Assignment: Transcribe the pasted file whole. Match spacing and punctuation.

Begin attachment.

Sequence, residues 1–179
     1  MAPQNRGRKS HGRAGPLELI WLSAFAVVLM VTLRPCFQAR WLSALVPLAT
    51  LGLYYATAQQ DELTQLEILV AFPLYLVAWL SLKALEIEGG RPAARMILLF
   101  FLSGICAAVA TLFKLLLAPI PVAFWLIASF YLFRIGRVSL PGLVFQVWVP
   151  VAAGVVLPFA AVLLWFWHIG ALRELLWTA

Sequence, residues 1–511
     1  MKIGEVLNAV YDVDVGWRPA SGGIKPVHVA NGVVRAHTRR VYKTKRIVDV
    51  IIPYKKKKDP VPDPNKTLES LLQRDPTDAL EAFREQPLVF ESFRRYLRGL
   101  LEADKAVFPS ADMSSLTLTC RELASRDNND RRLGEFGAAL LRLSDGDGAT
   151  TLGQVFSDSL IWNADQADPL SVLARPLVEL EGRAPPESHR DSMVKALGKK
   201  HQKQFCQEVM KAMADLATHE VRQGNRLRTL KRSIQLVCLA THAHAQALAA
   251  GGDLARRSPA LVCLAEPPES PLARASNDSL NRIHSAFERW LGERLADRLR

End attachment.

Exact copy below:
Sequence, residues 1–179
     1  MAPQNRGRKS HGRAGPLELI WLSAFAVVLM VTLRPCFQAR WLSALVPLAT
    51  LGLYYATAQQ DELTQLEILV AFPLYLVAWL SLKALEIEGG RPAARMILLF
   101  FLSGICAAVA TLFKLLLAPI PVAFWLIASF YLFRIGRVSL PGLVFQVWVP
   151  VAAGVVLPFA AVLLWFWHIG ALRELLWTA

Sequence, residues 1–511
     1  MKIGEVLNAV YDVDVGWRPA SGGIKPVHVA NGVVRAHTRR VYKTKRIVDV
    51  IIPYKKKKDP VPDPNKTLES LLQRDPTDAL EAFREQPLVF ESFRRYLRGL
   101  LEADKAVFPS ADMSSLTLTC RELASRDNND RRLGEFGAAL LRLSDGDGAT
   151  TLGQVFSDSL IWNADQADPL SVLARPLVEL EGRAPPESHR DSMVKALGKK
   201  HQKQFCQEVM KAMADLATHE VRQGNRLRTL KRSIQLVCLA THAHAQALAA
   251  GGDLARRSPA LVCLAEPPES PLARASNDSL NRIHSAFERW LGERLADRLR